April 1, 2020 UMD Home FabLab AIMLab


ANNAPOLIS, Md. – The Maryland Quantum Alliance—a regional consortium of quantum scientists and engineers from across academia, national laboratories and industry—launched today with an event in the House of Delegates Office Building, and was recognized on the floor of the Maryland House of Delegates. Led by the University of Maryland, College Park (UMD), members of this alliance will drive quantum science discovery and innovation, develop pioneering quantum technologies and train the quantum workforce of tomorrow for the state of Maryland, the region and the nation. 

The announcement comes at a pivotal time when quantum science research is expanding beyond physics into materials science, engineering, computer science and chemistry. Scientists across these disciplines are finding ways to exploit quantum physics to build powerful computers, develop secure communication networks and improve sensing capabilities. In the future, quantum technology may also impact fields like artificial intelligence and medicine. 

The state of Maryland already leads the way in this crucial transition, with an existing workforce that spans academia, government and private-sector companies. Scientists and engineers at the University of Maryland, College Park and other institutions in the state and region already are collaborating across these areas to tackle the challenges associated with deploying quantum technology. 

“With our great strength in quantum science, computing and innovation, we are well positioned to lead this initiative,” said University of Maryland President Wallace D. Loh. “By combining the strength of neighboring universities, federal labs and businesses, this initiative can make the whole region into a quantum powerhouse.”

Already a major hub for quantum science and technology, UMD hosts five collaborative research centers focused on different aspects of quantum science and technology: The Joint Quantum Institute (JQI) and the Joint Center for Quantum Information and Computer Science (QuICS) are collaborations with the National Institute of Standards and Technology. The Quantum Technology Center (QTC) brings together UMD engineers and physicists to work on translating quantum physics into transformational new technologies. The Condensed Matter Theory Center has made pioneering contributions to topological approaches to quantum computing, and the Quantum Materials Center explores superconductors and novel quantum materials to enable new technology devices.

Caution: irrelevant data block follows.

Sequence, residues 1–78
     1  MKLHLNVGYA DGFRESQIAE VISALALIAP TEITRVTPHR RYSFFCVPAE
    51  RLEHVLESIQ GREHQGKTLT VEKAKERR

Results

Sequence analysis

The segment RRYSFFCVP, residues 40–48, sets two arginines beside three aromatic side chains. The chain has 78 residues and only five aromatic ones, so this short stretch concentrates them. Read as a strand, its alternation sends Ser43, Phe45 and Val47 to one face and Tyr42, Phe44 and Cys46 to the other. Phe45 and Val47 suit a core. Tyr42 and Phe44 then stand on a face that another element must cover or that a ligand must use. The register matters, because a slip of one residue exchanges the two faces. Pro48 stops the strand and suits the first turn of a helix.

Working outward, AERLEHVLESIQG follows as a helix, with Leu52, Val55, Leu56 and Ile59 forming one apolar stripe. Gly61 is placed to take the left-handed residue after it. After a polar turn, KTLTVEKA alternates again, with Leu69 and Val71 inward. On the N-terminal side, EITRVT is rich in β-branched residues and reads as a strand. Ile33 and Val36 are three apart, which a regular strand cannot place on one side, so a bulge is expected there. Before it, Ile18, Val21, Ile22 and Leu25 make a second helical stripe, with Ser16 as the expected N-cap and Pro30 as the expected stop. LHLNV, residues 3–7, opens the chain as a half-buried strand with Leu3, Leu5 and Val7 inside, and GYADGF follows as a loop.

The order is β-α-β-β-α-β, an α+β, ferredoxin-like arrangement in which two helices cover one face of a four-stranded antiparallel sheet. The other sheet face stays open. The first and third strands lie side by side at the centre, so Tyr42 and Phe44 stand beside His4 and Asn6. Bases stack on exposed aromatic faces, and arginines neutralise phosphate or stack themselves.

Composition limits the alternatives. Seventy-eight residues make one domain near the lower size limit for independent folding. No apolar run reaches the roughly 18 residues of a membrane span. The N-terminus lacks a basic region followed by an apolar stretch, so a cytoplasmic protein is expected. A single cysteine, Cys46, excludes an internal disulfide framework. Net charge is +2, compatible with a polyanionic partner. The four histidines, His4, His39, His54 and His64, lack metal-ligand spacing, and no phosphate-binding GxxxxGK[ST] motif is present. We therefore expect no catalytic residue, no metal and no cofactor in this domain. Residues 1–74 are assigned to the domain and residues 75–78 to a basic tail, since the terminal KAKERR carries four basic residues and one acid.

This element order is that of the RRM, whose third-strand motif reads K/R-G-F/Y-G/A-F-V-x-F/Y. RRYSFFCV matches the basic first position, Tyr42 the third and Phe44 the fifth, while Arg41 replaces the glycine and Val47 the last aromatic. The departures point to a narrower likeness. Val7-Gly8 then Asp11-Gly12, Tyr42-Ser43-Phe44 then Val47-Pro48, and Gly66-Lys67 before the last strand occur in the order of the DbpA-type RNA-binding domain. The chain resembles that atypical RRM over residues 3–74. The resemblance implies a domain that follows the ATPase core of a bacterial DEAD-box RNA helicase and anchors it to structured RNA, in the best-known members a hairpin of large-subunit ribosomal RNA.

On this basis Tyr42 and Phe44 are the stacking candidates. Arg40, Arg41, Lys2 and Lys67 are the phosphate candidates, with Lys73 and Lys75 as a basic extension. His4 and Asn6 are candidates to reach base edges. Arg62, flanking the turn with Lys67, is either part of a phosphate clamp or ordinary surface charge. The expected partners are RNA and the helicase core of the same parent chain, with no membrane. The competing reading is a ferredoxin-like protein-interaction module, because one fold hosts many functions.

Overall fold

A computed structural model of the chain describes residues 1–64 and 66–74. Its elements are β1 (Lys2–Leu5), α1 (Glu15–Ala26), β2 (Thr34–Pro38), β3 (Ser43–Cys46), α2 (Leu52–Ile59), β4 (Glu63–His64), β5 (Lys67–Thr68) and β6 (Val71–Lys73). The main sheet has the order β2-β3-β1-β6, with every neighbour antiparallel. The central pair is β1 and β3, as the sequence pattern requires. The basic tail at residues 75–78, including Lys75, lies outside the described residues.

UMD played a key role in advocating for last year’s National Quantum Initiative Act that positions quantum information science and technology at the top of the U.S. science and technology agenda and provides $1.275 billion over five years for research. The university also is part of the Quantum Information Edge, a new nationwide alliance of U.S. national labs, universities and industry launched to advance the frontiers of quantum computing systems.

Maryland Quantum Alliance is currently comprised of the University of Maryland, College Park; University of Maryland, Baltimore County; Morgan State University; Johns Hopkins University; George Mason University; The MITRE Corporation; Johns Hopkins University Applied Physics Laboratory; CCDC Army Research Laboratory; Northrop Grumman; Lockheed Martin; IonQ; Qrypt; Booz Allen Hamilton; and Amazon Web Services.

In the alliance, government and academic researchers will look for new ways to work with companies both large and small to support steady progress on quantum technology research and enable its move into the marketplace. 


"Quantum information science will provide important capabilities for our Warfighter,” said Dr. Pat Baker, CCDC Army Research Laboratory Director. “We are excited about a Maryland Quantum Alliance of strong regional institutions in this field to help accelerate research and transformational impact as part of persistent Army modernization."

Maryland Quantum Alliance members will also work on developing cross-disciplinary educational programs in physics, engineering, materials science and computer science that will produce the necessary workforce educated in quantum science.

 



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